An odd confession: Once we get a few episodes into any given Survivor season, I start itching to put on my tin foil buff and write stuff that makes readers question my sanity.
It appears that I’ve hit that point a bit earlier in the autumn than I usually do.
Time for me to court some controversy!
1) Production helped Michelle make her move.
Seating arrangements at Tribal Council are proscribed by production, so it was no accident that Hannah was isolated at the end with Michelle next to her and Jay behind her.
Remember the confessional Michelle had near the end of the episode in which she said that she might have to “try to pull strings at Tribal Council”? Think the field producer said, “That’s nice,” and then started asking about Trifornication? Not a chance. Indeed, I think it’s safe to assume that Michelle explained her plan. And that production set her up with an opportunity to pull it off. To be fair, Michelle still had to do the work, but production gets an assist on this one. (And if I were Mari, I’d be pretty pissed about that.)
Note to all future Survivor players: Pay attention to where everyone sits at Tribal. Production constantly gives away the story they’re trying to tell – and by extension, the story of what is going on within the dynamics of your tribe – if you know what to look for. Swing votes sit in the middle. Players who want to throttle one another are put in close proximity to heighten tension and create opportunities for drama. And if a member of your alliance – one whose allegiance you’re not entirely sure is yours and yours alone – is seated waaaaaaaaaay far away from you, something is up, and that something ain’t good.
2) Production helped David, too.
I highly doubt that the idol-filled coconut was in place from the outset of the game. Really, the main reason for having the idol hidden that way – rather than attached to challenge apparatus or in a box nailed to a tree – is to give production some control over who gets it. Had Lucy been out gathering firewood where David was rock hunting, that coconut would have been nowhere to be found.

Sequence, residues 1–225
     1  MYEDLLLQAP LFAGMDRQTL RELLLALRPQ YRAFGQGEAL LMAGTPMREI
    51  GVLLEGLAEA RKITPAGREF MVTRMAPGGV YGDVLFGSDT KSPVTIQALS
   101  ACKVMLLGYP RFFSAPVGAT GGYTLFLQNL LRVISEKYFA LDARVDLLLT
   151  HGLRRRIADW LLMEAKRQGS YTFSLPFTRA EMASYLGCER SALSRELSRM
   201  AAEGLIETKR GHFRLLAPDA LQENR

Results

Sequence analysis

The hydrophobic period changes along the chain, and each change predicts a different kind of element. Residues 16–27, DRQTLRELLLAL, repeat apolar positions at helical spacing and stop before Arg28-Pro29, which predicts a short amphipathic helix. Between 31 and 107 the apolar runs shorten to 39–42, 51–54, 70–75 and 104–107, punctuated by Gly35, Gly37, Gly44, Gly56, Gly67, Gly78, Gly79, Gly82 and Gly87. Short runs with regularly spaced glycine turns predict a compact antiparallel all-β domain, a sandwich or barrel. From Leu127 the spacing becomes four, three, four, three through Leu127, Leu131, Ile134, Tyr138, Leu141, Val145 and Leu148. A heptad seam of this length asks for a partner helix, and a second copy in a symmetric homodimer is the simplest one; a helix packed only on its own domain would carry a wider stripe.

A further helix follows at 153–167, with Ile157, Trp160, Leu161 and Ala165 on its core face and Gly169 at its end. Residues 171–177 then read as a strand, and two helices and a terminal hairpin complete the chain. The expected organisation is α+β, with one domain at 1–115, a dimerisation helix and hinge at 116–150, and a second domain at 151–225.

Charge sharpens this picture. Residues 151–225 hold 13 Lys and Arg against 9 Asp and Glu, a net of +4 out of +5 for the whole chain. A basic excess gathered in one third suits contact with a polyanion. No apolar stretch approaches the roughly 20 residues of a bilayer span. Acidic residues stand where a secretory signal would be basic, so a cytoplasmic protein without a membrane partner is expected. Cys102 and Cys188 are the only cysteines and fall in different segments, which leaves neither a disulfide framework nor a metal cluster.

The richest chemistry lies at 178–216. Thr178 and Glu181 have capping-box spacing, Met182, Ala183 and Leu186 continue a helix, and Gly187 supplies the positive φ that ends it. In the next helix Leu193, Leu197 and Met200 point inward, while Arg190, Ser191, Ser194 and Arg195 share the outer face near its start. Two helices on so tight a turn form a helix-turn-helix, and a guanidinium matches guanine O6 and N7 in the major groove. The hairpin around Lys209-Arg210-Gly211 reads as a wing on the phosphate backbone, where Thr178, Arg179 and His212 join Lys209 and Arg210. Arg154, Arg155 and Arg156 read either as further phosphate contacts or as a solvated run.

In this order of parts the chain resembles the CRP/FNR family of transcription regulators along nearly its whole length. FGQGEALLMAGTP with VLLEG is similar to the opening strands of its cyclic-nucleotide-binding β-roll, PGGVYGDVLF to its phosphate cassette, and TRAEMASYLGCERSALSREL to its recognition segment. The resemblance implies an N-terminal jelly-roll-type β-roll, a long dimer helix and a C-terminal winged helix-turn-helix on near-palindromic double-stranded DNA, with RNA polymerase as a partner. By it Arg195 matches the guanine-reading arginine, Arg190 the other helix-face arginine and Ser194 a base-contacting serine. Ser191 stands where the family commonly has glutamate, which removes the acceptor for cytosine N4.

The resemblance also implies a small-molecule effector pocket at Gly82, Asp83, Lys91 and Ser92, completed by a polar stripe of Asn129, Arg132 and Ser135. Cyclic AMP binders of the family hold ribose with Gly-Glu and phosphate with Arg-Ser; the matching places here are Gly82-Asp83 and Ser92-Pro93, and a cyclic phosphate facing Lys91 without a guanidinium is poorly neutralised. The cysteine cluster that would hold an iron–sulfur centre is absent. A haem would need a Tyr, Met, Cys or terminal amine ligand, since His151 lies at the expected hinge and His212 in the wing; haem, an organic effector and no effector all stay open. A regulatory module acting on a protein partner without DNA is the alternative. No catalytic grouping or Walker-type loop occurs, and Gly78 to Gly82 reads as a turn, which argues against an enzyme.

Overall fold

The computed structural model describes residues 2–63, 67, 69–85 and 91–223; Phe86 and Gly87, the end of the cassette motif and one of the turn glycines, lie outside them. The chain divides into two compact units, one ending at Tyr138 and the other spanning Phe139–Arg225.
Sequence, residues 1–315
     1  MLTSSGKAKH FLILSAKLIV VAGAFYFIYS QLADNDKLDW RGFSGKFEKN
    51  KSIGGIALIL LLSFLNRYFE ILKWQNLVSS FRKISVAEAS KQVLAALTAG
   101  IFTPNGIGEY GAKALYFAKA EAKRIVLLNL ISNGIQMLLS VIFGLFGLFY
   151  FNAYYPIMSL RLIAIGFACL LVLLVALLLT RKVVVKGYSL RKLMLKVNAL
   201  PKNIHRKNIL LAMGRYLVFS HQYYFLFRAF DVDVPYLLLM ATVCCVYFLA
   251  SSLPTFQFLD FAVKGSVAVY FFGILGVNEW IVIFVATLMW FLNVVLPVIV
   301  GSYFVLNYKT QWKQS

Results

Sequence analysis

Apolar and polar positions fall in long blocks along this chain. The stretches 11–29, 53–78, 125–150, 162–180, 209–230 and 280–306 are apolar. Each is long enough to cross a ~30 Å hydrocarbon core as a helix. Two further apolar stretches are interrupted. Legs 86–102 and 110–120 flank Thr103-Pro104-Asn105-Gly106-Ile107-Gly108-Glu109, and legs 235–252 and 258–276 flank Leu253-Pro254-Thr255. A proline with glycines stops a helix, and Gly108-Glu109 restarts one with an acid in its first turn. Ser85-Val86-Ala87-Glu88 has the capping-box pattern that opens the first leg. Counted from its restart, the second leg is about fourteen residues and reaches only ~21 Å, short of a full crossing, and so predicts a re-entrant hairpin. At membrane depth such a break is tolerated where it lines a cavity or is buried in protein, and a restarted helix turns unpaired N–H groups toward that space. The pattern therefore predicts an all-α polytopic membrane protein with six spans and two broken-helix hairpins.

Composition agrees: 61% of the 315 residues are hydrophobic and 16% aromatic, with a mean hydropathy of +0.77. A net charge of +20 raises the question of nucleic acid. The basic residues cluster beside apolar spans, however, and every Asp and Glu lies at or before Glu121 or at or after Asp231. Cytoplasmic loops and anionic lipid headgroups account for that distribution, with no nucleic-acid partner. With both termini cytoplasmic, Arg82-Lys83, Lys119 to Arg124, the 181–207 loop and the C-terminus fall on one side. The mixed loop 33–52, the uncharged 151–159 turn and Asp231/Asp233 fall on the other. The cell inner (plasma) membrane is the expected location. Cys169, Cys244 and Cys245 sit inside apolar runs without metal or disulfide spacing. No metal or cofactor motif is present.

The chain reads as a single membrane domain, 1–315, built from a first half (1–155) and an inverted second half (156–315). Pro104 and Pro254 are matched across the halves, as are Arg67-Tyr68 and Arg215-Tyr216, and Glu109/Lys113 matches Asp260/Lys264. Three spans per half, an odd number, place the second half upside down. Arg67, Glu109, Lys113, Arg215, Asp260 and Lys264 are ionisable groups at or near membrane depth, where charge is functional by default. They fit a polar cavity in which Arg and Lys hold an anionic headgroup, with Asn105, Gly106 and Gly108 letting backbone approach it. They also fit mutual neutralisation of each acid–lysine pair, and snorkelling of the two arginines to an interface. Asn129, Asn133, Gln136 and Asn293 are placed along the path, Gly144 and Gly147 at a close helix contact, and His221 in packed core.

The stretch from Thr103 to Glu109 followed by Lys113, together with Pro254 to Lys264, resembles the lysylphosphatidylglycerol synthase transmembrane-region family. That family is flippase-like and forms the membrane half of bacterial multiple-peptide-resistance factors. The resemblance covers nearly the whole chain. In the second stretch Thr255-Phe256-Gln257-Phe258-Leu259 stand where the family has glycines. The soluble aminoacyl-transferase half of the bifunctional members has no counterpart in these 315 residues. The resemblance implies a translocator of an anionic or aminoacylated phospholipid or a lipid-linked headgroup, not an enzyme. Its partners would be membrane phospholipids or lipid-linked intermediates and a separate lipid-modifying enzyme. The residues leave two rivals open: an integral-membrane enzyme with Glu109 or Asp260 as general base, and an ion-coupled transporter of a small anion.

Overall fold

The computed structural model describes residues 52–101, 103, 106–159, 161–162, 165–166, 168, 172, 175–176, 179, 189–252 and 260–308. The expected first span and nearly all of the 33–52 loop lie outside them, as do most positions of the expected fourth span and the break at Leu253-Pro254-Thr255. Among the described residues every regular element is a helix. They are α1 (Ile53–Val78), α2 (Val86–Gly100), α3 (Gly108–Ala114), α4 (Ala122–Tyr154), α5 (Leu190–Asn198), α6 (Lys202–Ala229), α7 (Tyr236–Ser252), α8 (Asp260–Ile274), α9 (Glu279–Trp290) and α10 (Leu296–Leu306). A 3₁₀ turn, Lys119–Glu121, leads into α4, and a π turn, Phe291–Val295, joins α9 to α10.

As a tribe, Gen-X is boring. Production HATES boring. They put the idol into the hands of the one person who might make it interesting.
3) The Legacy Advantage is whatever production wants it to be.
First off, from a production stand-point, the logistics of the Legacy Advantage are brilliant: Players can’t neutralize it (I’m certain that all of the vote-splitting to undercut idols and the targeting of players possessing advantages pisses off Probst to no end)… and it takes out the guesswork: one way or another, the advantage is going to be played during the endgame (and you just know they’re going to promote the heck out of it).
More importantly, though, by not explicitly stating what the advantage is… it can be anything that production wants it to be. Have a minority alliance that needs an extra vote? The advantage is an extra vote. Have a challenge beast who needs an idol? It’s an idol. Have a potential winner who could really benefit from booting someone from the jury? It’s a jury member booter.
Am I sure that production left their options open? Of course not. But I’m sure they talked about it.
4) Michelle made a massive mistake
A tribe’s criteria for “why we boot people” are often set at their first Tribal Council
When Figgy was the target, the Millennial groupthink was, “We need to break up the power couple – and oblivious idiots should be punished.”
Michelle is neither an oblivious idiot nor part of a power couple.
When Michelle shifted the crosshairs to Mari, she redefined why Millennials get targeted. The new criterion? “Strategic threats should go.”
With Mari gone, who is the most dangerous strategic threat left on the Millennial tribe?
How about the player who just orchestrated a blindside?
5) The plan is to keep the tribes apart…
… until there are 15 players left, when they’ll be split into three tribes.
My reasoning: Production likes where the tribes are right now. The type of players that Probst prefers are in control of the Millennials (there’s no way he risks them getting screwed by a swap), and now that David has an idol, the Gen-Xers are going to target players that production doesn’t care about (CeCe and Lucy).
Oh, and brace yourself for a Tribe Swap that keeps the Millennials in control of two out of the three tribes (which, if they avoid turning on each other, would guarantee them at least a 6-6 tie at the merge, assuming they do so at 12).
And now it’s time for some wild character speculation based on the edit!
6) David is going to destroy a lot of games
In a premiere episode confessional, David said that he needed to find an idol to turn his game around. As predicted, he found one, which means he WILL turn his game around (which in turn means he’s making the merge).
That means that any player who we see dismissing David’s chances is going to discover that karma is cruel (Survivor editors do love their confessional irony). That list begins with Chris, who no doubt lowered his head in shame while watching this past episode. It couldn’t have been easy to relive the moment when he referred to David as a puppy dog.